This was posted elsewhere on CM and some troll came on here and told us that we should just basically round up all the "crazies" with mental illness or autism and "kill them all" or institutionalize all of them. I think the post went poof. :(  


~"Dream the dreams of others and you will be no one's rival." ~


 




 

romalove
by Roma on Dec. 16, 2012 at 1:33 PM
2 moms liked this

Reading this was painful.  It is very hard to get help.  We have to change that.

TCgirlatheart
by TC on Dec. 16, 2012 at 1:36 PM

Thank you for sharing this.  Where did you get your information from?

Quoting lancet98:

Re the original post - she is describing what sounds quite a lot like childhood schizophrenia.   The outbursts, the hysterical reaction to some miniscule frustration, the anger.

The anger is not a CHOICE.   It is a symptom and comes about from specific parts of the brain being constantly hammered by the illness itself.  People usually don't believe this til they see all the 'anger' evaporate 24 hours after starting the right medication.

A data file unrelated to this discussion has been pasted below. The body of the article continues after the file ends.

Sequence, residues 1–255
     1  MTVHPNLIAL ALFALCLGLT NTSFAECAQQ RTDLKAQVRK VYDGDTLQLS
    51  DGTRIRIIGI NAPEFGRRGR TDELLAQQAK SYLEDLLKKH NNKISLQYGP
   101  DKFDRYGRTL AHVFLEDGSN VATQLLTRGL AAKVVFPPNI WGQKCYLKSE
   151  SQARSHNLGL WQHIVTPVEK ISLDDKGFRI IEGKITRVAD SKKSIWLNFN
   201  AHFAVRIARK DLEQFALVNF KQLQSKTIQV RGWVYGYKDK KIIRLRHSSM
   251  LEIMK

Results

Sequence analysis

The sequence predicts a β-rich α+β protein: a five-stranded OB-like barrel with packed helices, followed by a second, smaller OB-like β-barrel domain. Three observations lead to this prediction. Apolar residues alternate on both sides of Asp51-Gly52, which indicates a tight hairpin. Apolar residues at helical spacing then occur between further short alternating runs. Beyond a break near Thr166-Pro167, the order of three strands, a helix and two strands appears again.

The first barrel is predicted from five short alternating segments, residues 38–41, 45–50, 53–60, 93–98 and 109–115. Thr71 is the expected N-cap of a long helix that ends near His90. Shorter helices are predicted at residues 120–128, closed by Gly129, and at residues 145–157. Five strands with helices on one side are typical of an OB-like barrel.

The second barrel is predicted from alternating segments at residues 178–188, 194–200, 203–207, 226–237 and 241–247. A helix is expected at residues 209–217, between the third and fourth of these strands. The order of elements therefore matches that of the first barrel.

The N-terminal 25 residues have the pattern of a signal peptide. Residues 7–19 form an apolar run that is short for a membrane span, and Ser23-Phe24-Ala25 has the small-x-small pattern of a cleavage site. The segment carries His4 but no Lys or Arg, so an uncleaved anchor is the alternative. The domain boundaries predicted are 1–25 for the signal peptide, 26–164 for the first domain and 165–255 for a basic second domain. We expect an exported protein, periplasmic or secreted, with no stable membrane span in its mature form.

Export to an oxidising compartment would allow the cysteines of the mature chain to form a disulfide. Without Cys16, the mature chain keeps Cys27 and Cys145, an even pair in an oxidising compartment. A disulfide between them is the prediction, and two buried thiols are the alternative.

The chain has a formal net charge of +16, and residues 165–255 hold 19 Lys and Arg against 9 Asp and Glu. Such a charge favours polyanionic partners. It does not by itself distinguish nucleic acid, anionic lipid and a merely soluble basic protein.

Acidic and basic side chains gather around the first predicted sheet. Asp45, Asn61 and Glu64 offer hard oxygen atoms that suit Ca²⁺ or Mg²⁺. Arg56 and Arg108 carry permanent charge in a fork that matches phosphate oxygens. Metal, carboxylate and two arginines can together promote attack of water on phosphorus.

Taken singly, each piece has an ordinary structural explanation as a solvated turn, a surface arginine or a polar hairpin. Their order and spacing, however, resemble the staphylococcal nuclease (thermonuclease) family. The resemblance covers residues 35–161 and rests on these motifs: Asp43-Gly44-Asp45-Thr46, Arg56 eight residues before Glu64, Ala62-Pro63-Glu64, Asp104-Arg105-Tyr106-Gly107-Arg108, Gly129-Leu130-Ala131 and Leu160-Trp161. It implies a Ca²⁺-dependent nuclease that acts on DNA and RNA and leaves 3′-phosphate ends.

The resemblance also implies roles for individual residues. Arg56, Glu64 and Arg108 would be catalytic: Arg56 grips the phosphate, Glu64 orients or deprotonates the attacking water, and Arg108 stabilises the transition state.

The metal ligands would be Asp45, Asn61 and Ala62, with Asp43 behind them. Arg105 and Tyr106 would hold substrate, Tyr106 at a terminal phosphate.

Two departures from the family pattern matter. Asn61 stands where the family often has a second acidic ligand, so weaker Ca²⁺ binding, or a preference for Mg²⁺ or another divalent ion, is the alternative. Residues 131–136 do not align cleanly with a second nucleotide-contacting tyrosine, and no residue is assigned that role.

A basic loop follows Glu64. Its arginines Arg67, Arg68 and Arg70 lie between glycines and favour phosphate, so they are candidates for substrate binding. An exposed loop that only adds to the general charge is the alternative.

As I noted elsewhere, health care providers often have a peculiar blind spot where childhood psychotic disorders are concerned, and give such kids a string of poorly fitting and ever changing diagnoses rather than grasp the obvious.

i hope she gets her son to a decent  child psychiatrist, gets him into a residential program when he needs it, and learns more effective ways to deal with what is essentially and fundamentally, a child with a serious brain disease.

There is no reason her son HAS to wind up an enraged criminal.  

But if things keep going the way they are going, she is likely to lose control of him at 18.  If she loses control of him at 18, he is very likely to refuse treatment, and the basic way THAT works, is an irrational, psychotic person refuses medication due to the very suspicion and disorganized thoughts the disease causes, and until he commits a violent crime no one is going to do anything about him.   When he DOES commit a violent crime everyone will declare he is 'evil' and 'bad' and 'deserves to die', and he STILL won't be required to take medication, and will CONTINUE to deteriorate, in jail or a ward for the criminal mentally ill.